Unemployment is Down, but Are the Jobs Good for Latinos?
January 06 2012
The latest job figures are out and the picture is looking more positive. The unemployment rate fell to 8.5% and 200,000 jobs were added to payrolls. Many of those jobs were created in the retail sector, which employs a significant number of Latinos. While this particular sector was predicted to benefit greatly from the holiday season, there is concern over the lack of upward career mobility that these types of jobs offer our community.
The latest edition of the Monthly Latino Employment Report focuses on the current Latino employment trends in the retail sector and also highlights a job training program that holds great promise for increasing that ever-important level of upward mobility for Latinos who make their living in retail.
From the report:
Trade, transportation, and utilities—the sector that includes retail—posted positive employment growth in nearly every state between March 2010 and March 2011, as seen in Figure 1. Additionally, a majority of the retail trade subsectors have seen mostly positive employment growth over the past six months. Furthermore, one subsector, clothing and clothing accessories stores, posted the second largest growth in employment of 26,700 jobs in November 2011, after having added 6,700 in October and 20,200 in September. Both November and September were well above the industry’s three-month average change of 10,800 (see Figure 2). In comparison to the same months in 2010, these figures represent a significant boost in hiring and are a sign that retail is bouncing back.
Figure 1. Employment in Trade, Transportation, and Utilities, 12-Month Percent Change, March 2010–March 2011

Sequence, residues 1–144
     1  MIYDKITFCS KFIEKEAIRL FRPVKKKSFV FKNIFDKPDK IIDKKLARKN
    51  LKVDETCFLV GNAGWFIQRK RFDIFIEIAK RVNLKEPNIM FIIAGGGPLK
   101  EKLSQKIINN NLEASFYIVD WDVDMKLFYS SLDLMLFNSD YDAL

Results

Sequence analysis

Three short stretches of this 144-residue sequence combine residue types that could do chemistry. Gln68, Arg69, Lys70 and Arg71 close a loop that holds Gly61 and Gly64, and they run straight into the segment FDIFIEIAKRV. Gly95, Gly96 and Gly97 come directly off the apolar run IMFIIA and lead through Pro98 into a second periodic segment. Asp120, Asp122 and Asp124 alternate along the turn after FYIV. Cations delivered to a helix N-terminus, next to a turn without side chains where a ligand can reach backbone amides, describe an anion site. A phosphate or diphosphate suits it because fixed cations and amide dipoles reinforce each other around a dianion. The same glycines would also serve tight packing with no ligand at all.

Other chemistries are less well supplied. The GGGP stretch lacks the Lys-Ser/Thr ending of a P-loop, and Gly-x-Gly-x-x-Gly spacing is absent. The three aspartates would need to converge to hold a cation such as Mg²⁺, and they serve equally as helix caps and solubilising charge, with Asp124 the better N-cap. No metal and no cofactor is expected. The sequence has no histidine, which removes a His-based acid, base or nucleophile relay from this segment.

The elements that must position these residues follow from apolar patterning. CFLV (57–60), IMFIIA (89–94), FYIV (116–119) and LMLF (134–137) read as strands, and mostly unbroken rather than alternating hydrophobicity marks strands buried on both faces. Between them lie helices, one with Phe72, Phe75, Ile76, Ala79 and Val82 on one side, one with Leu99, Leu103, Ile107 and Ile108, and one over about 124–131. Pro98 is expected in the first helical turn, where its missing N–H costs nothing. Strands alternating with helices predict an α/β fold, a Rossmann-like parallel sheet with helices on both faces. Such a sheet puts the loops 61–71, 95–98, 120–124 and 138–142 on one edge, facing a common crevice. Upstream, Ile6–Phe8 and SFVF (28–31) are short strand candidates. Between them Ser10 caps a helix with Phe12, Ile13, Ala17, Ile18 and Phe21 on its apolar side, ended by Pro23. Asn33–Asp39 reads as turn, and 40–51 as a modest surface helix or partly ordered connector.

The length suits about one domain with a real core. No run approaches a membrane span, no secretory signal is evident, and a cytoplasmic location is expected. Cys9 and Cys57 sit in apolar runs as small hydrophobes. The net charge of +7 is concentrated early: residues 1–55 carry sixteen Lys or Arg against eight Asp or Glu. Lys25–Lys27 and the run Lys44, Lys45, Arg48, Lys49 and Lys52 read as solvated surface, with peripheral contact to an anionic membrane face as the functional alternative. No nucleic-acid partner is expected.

Source: U.S. Bureau of Labor Statistics, “QCEW State and County Map,” Quarterly Census of Employment and Wages, http://beta.bls.gov/maps/cew/US?start_over=true (accessed December 29, 2011). Data are for private establishments.
Figure 2. Change in Employment in Clothing and Clothing Accessories Stores,
October 2010–November 2011
Source: NCLR calculation using U.S. Bureau of Labor Statistics, Current Employment Statistics, “Table B-1, Employees on nonfarm payrolls by industry sector and selected industry detail,” http://www.bls.gov/webapps/legacy/cesbtab1.htm (accessed December 28, 2011). Total employment excludes farm employment. October and November data are preliminary.
It’s important to note that growth in the retail sector will not boost the U.S. economy or provide real job security as long as there is no room for advancement for the millions of low-wage and temporary workers that make up the sector’s job force. To ensure that the apparent recovery in the retail sector benefits the workers who contribute their labor, including Hispanics, federal policy should:
- Encourage career mobility in retail industries through career pathway programs. Fund pathway programs through bills like the “Strengthening Employment Clusters to Organize Regional Success (SECTORS) Act of 2011” (H.R. 1240) and the “American Jobs Act of 2011” (S.1549).14.
- Prevent efforts to consolidate and cut workforce development program funds. The publicly funded adult education and workforce development system is designed to help adults who have aged out of the public school system improve their skills and transition to higher-level jobs.
- Reauthorize the Workforce Investment Act (WIA). The slowly recovering economy and current levels of high unemployment emphasize the need for a 21st century workforce system with the proper funding to provide workers with the necessary training and employers with highly skilled workers.
Click here to read the full report.
Issues: Job Creation, Economy and Employment, Economy and Workforce, Economic Recovery
Geography:California, Far West, Midwest, Northeast, Southeast, Texas